Calgary at a Crossroads

Call them everyday anxieties.

As Calgarians try to adjust to living in a downturn, it's easy to get lost in big numbers. Layoffs by the thousands, double digit drops in housing starts and of course — the falling price of oil.

But for most of us, the reality of the economic upheaval is felt on a more personal level. We notice things changing in our city every day. Especially the mood on the street.

We walked the streets of downtown the other day, and chatted to Calgarians as they went about their work.

They told us about their everyday anxieties.

Robbie Babins-Wagner

Calgary Counselling Centre CEO Robbie Babins-Wagner says she has seen more clients who have lost their jobs.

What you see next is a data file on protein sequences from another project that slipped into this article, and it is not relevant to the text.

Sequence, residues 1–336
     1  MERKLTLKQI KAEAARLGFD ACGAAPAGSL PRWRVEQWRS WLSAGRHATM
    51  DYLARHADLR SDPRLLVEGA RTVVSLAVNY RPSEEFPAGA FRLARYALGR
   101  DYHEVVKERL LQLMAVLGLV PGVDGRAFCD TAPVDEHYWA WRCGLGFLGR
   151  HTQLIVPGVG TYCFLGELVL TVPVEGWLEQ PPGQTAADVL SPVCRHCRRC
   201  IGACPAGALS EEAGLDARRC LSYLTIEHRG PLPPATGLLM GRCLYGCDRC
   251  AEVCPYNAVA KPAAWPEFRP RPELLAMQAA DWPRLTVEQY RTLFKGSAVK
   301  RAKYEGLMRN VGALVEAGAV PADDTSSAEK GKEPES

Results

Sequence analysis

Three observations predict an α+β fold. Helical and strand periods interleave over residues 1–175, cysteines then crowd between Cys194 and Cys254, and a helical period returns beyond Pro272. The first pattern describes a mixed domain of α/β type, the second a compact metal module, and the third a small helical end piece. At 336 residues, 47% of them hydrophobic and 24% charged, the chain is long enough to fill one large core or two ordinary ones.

Raobrinder Brar

During his nearly 20 year career driving taxis in Calgary, Raobrinder Brar says the time it takes to make the trip from downtown to the airport has gone way down especially this past year.

Matt Grace

Matt Grace says business is booming as his company is working on several projects downtown and around the city.

Bruce Toy

Both tourists and residents shop at Bruce Toy's chocolate store — but he says even though locals are concerned — Calgarians have been through this before and will come through this downturn.

Mustapha El Saghir

Half of the regular customers to Pita Basket's downtown location are not around anymore, says owner Mustapha El Saghir.

Calgary at a Crossroads is CBC Calgary's special focus on life in our city during the downturn. A look at Calgary's culture, identity and what it means to be Calgarian. Read more stories from the series at Calgary at a Crossroads.